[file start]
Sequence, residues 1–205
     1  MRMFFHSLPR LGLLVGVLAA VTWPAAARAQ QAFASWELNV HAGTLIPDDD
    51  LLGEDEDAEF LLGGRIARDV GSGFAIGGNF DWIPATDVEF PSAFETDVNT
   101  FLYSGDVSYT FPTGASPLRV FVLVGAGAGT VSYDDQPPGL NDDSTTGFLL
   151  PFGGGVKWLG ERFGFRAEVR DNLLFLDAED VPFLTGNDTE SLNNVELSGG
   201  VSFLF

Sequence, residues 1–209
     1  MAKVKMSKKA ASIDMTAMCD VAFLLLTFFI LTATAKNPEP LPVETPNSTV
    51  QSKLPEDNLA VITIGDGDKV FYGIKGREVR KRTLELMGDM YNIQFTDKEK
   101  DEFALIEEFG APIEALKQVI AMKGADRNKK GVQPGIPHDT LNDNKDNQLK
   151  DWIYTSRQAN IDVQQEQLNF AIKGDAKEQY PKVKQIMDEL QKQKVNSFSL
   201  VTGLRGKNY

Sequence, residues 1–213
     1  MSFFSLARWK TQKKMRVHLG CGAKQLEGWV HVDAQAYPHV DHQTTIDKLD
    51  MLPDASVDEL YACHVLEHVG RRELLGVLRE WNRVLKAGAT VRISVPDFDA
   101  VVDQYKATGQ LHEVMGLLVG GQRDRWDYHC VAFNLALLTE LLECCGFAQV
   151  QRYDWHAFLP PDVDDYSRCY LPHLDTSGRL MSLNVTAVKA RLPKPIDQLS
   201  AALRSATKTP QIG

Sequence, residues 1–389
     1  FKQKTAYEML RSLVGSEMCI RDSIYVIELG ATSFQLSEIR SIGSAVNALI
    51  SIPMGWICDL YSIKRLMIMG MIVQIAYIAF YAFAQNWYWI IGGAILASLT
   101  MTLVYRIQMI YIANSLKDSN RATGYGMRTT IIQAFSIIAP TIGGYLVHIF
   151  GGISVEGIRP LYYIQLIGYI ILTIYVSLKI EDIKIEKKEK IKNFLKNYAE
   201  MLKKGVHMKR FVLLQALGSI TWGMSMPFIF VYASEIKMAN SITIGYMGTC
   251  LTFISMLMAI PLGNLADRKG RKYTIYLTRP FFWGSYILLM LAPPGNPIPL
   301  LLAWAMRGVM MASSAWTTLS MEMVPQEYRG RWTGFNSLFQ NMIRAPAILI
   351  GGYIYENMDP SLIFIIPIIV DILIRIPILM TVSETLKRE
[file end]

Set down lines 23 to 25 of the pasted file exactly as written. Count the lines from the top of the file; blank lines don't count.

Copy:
   151  GGISVEGIRP LYYIQLIGYI ILTIYVSLKI EDIKIEKKEK IKNFLKNYAE
   201  MLKKGVHMKR FVLLQALGSI TWGMSMPFIF VYASEIKMAN SITIGYMGTC
   251  LTFISMLMAI PLGNLADRKG RKYTIYLTRP FFWGSYILLM LAPPGNPIPL